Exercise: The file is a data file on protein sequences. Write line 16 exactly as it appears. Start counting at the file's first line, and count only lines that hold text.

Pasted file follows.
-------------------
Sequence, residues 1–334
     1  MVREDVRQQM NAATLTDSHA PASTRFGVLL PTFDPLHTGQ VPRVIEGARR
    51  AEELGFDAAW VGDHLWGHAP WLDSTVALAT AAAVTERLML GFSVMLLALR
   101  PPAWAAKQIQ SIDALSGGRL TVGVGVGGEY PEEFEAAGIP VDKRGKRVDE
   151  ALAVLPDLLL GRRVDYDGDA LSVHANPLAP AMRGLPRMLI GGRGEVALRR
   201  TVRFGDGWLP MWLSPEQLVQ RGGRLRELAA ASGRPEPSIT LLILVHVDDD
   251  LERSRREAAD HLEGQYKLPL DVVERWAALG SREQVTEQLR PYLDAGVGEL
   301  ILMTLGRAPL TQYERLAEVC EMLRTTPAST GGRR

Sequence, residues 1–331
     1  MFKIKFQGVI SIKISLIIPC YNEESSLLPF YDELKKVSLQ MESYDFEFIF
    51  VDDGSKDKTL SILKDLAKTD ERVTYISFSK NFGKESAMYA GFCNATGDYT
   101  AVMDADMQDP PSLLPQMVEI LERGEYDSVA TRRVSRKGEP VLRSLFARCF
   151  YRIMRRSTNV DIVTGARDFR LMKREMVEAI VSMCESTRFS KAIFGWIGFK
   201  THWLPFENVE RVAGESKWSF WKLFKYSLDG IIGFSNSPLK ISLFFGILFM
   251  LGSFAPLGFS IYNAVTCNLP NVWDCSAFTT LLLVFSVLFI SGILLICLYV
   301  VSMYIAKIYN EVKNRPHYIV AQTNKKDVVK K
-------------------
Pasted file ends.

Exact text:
   301  VSMYIAKIYN EVKNRPHYIV AQTNKKDVVK K